A beautiful illustration from a book printed in 1601 for the Jewish community in Venice contains the first-ever printed documentation of the Lag BaOmer holiday haircut tradition
In 1601, a unique manual was printed in Venice for the benefit of members of the Jewish community, with the intended audience including adults and children alike. The Sefer HaMinhagim (“Book of Customs”) was printed in Yiddish—a language we would not necessarily associate with Italian Jewry. Although Yiddish was not widely used in the rabbinic literature of the time, Judeo-German was one of the most commonly spoken languages among Italian Jews.
The book’s authors took into account the difficulty of some of its readers in deciphering the written commandments and therefore included woodcut illustrations to make the religious laws, commandments and customs more accessible. The use of illustrations that dramatized the various laws and traditions was apparently intended to allow readers of the book to clearly understand the practicalities of Jewish life and customs in simple, direct fashion.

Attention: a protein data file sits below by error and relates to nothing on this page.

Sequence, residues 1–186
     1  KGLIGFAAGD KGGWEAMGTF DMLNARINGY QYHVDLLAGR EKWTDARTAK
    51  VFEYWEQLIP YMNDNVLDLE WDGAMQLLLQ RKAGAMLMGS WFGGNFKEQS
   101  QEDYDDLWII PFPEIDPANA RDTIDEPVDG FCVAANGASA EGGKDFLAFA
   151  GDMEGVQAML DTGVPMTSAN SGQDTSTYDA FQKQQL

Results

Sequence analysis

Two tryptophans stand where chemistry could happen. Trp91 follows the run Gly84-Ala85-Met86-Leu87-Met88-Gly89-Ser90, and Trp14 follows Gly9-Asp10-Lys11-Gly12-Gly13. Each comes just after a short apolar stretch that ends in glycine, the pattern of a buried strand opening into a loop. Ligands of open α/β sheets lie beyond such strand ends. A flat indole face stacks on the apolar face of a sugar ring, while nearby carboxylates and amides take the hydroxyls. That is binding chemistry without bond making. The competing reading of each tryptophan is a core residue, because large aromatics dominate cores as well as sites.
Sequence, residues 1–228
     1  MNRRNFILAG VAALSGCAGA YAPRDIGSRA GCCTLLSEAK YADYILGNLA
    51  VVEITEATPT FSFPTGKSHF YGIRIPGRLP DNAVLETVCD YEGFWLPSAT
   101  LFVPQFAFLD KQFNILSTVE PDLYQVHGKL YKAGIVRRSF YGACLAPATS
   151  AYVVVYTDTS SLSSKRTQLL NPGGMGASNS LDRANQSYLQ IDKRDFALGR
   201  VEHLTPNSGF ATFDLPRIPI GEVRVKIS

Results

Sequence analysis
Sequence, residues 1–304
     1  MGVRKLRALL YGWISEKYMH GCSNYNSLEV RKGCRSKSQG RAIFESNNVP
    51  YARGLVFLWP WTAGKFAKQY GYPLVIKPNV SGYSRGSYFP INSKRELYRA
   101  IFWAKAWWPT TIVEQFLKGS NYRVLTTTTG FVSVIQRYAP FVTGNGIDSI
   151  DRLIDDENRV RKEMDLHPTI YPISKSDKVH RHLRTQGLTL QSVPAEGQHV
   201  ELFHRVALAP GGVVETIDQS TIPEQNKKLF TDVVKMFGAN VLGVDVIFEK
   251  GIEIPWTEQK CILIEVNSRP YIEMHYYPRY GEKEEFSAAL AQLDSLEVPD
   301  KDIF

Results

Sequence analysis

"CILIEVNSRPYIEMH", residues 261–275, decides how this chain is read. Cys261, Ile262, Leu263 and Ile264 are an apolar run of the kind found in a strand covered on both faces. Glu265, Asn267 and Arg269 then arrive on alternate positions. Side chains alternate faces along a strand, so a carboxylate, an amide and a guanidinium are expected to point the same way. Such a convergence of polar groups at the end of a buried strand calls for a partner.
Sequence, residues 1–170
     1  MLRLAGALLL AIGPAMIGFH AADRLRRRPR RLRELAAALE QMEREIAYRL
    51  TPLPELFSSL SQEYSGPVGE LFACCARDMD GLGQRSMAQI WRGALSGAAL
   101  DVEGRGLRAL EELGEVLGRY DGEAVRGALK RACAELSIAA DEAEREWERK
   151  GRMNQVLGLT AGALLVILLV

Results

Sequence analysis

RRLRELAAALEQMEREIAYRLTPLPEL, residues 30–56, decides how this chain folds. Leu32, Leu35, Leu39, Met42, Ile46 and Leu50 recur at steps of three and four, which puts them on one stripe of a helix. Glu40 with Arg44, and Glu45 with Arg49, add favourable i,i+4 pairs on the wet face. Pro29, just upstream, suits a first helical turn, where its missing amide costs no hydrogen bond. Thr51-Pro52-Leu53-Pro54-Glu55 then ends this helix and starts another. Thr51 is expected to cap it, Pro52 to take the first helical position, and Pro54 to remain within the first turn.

The book contains the first known documentation of the Lag BaOmer custom of cutting one’s hair, an act that symbolizes the end of the historical period of mourning dedicated to the disciples of Rabbi Akiva. According to Jewish tradition, the Rabbi’s 24,000 disciples were stricken with disease as punishment for not treating each other with respect. Some scholars believe that the Rabbi’s followers in fact perished during the events of the Bar Kokhba Revolt.
“The more detailed the illustration in the books, the easier it was to clearly explain the religious laws relating to the haircutting custom,” explains Dr. Yoel Finkelman, Curator of the Haim and Hanna Salomon Judaica Collection at the National Library of Israel.